Euro – Despite stronger Eurozone economic data, the Euro has been hit by the rebound in the US dollar. The labor market is improving with the unemployment rate in the Eurozone dropping from 7.5 to 7.4 percent in the month of January. The ILO unemployment rate in Germany also dropped from 7.6 to 7.4 percent. Consumer confidence has improved in the Eurozone region despite the prospects for another interest rate hike and the increase to Germany's Value Added Tax. Headline consumer prices dropped 0.5 percent in January, which was right in line with expectations while core prices increased by a less than expected 1.7 percent. The stronger data continues to support higher rates in March, which is further confirmed by this morning's comments from central bank officials. According to ECB member Weber, "more significant normalization of monetary policy is needed." Stark said that "there is some evidence that prices could rise more strongly again." The ECB remains one of the few central banks that are still raising interest rates. Meanwhile Switzerland reported the first improvement in its leading indicator index in 7 months, after already having released a stronger UBS consumption index yesterday.

    British Pound – The British pound is stronger across the board thanks to solid housing market data. The UK's Nationwide Building Society reported 0.7 percent rise in house prices in the month of February. The market was only looking for a 0.5 percent rise. Unfortunately consumer confidence did not improve along with it as the GfK report dropped from -7 to -8. Bank of England Deputy Governor Lomax warned today that inflation could fall sharply in the months ahead and take the rate below the central bank's target by the end of the year. Looking ahead, there is a busy UK calendar tomorrow with manufacturing sector PMI, consumer credit, mortgage lending, and the CBI Distributive Trades survey due for release. On balance, the data should be mixed with the manufacturing sector expected to improve, but the distributive trades survey expected to deteriorate.

    Japanese Yen – After yesterday's sharp rally, the Japanese Yen gave back some of its monstrous gains. Although the Yen's rebound could continue, it is very unlikely that the yen linked crosses will be able to capture back all of yesterday's losses. The breakdown triggered a new downtrend which was supported by last night's comments of BoJ officials. Central bank Governor Fukui said last night that they need to keep raising interest rates while Mizuno noted that short term rates are "pretty accommodative" and as such, the central bank needs to push rates towards normalization. However economic data indicates that the country is struggling to recover. Even though industrial production fell less than expected, the annualized pace of retail sales growth failed to increase while manufacturing sector PMI dropped from 53.4 to 53 in January. Looking ahead, the fiscal year end could continue to tip the scales in favor of the Japanese Yen.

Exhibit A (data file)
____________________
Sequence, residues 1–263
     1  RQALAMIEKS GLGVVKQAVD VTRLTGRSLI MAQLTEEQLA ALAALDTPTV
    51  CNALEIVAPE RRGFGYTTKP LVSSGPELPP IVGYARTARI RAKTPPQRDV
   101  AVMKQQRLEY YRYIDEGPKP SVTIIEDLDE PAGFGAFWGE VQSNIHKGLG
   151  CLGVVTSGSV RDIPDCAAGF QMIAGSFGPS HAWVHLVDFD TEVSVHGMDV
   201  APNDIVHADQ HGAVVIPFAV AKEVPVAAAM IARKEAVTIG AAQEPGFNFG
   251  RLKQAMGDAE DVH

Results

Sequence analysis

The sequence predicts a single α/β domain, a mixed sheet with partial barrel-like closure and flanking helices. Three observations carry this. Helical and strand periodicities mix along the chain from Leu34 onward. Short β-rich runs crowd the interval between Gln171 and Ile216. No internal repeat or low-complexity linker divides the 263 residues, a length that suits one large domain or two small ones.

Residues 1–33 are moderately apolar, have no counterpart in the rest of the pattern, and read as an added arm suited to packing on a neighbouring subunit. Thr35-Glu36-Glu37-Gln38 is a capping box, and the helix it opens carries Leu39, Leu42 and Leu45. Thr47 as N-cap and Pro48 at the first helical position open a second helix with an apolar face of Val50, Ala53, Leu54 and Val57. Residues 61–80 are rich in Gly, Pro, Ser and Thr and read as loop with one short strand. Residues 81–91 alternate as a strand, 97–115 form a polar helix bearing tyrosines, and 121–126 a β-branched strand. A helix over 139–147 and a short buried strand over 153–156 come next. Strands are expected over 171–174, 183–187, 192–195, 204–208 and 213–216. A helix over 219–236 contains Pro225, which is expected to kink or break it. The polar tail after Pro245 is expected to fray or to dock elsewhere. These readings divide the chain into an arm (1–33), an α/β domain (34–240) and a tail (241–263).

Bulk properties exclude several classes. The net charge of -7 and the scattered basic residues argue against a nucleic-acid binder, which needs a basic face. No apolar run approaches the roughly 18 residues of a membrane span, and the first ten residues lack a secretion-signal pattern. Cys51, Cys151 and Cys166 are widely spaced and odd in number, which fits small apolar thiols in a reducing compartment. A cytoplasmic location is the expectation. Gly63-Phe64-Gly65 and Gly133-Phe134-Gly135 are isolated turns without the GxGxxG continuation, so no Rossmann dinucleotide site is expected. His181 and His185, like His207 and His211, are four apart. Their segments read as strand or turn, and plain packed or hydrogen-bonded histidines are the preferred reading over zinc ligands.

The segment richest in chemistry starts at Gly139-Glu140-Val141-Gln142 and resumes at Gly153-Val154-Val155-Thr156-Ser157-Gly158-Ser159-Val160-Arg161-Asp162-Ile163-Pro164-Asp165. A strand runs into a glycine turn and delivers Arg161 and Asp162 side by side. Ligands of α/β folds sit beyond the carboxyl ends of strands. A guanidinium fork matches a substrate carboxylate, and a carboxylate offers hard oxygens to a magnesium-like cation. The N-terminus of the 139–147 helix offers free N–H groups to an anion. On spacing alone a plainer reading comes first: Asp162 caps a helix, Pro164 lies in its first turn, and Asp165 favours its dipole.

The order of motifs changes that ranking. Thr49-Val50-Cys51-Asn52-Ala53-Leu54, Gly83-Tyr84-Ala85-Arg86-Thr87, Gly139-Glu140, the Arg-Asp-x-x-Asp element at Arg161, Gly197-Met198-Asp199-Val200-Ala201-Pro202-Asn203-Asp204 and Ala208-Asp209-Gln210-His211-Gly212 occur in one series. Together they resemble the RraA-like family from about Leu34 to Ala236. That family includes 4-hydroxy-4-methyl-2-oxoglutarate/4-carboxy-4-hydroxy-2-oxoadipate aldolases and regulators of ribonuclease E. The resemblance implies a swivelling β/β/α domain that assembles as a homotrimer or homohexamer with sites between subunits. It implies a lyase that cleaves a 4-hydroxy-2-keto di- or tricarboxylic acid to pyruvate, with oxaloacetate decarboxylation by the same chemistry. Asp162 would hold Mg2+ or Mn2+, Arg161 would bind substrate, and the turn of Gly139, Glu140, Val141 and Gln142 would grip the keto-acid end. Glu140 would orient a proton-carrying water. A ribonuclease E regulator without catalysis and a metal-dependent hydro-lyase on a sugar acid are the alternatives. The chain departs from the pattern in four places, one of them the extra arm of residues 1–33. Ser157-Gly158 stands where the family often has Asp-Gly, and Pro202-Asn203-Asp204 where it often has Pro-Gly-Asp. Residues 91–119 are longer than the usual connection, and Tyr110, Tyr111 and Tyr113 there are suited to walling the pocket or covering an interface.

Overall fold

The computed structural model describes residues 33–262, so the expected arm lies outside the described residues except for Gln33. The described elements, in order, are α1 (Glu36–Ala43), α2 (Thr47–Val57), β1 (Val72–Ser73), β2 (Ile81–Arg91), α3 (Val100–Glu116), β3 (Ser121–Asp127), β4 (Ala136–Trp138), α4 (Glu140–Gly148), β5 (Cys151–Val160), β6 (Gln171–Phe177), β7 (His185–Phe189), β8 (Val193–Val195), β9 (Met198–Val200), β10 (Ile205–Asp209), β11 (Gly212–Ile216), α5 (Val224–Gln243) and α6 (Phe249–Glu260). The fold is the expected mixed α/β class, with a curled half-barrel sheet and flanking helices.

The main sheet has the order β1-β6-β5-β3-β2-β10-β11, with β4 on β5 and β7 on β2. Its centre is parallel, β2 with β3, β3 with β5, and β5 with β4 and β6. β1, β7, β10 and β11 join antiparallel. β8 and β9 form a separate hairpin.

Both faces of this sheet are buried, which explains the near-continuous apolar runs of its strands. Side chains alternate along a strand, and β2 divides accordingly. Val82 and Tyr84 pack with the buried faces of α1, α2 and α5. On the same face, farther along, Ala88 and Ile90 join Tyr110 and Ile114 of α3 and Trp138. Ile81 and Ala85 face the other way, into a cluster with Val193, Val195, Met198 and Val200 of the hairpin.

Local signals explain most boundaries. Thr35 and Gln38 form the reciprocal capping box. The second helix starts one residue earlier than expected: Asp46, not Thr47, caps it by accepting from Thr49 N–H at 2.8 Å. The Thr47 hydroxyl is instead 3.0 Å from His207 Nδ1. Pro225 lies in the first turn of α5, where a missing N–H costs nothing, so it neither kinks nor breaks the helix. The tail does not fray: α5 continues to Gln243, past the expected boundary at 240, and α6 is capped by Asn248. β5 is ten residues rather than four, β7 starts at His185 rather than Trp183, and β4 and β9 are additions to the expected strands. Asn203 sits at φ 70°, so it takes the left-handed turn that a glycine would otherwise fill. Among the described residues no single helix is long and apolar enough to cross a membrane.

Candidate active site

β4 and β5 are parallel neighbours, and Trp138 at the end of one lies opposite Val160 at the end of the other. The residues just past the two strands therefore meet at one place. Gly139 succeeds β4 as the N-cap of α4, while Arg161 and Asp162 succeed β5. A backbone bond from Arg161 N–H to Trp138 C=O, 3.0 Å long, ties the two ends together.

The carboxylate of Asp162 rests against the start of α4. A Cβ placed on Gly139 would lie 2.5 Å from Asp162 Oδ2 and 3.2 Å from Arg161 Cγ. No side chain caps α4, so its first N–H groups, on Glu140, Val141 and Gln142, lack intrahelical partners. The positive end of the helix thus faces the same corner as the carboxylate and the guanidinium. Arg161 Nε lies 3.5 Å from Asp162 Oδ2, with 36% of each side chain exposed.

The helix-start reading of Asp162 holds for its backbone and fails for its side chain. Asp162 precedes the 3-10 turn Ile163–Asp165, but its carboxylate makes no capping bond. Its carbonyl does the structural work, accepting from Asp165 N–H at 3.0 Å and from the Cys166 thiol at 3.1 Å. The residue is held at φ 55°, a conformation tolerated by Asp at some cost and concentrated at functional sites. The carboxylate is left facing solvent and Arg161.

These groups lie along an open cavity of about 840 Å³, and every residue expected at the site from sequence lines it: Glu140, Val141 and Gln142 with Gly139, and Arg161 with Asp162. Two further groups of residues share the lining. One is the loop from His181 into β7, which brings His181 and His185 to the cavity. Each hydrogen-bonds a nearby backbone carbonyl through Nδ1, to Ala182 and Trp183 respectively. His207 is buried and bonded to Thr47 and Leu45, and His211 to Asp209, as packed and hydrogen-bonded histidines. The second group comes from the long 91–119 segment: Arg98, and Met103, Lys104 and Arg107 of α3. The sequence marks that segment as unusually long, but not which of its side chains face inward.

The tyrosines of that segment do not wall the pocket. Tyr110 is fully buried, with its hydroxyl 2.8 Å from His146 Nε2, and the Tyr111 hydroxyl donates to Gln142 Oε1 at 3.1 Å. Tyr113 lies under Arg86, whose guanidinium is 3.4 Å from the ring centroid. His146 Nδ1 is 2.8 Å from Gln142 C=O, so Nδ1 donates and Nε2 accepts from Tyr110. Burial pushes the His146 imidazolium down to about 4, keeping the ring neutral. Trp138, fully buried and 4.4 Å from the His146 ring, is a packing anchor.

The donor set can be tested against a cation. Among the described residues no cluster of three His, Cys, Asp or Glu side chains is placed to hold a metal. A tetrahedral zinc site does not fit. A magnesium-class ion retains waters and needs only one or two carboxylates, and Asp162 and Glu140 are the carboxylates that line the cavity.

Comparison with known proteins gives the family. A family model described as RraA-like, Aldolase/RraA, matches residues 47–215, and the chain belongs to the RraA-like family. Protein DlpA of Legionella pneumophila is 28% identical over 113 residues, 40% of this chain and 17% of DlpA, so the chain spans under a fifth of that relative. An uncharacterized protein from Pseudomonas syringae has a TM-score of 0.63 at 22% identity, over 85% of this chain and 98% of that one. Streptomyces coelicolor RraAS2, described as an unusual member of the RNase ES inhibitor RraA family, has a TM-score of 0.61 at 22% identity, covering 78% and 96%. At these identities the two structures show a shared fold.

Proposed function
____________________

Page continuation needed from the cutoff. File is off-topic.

Commodity Currencies (CAD, AUD, NZD) – The Australian and New Zealand dollars both rebounded today thanks to firmer economic data. Australia reported stronger private sector credit growth while New Zealand reported an increase in building permits during the month of January. Like many of the other central bankers around the world, Australian Treasurer Costello attempted to pacify his markets by saying that Australia's strong economy and corporate earnings will allow them to better weather market volatility. Australia has manufacturing PMI due for release tonight and private new capital expenditure while New Zealand will be reporting visitor arrivals. The Canadian dollar slipped against the US dollar with little catalyst. Their current account and industrial product price reports are tomorrow. The sell-off in the Canadian dollar in the fourth quarter should help to boost trade activity.
    Author
    AMEinfo Staff

    AMEinfo staff members report business news and views from across the Middle East and North Africa region, and analyse global events impacting the region today.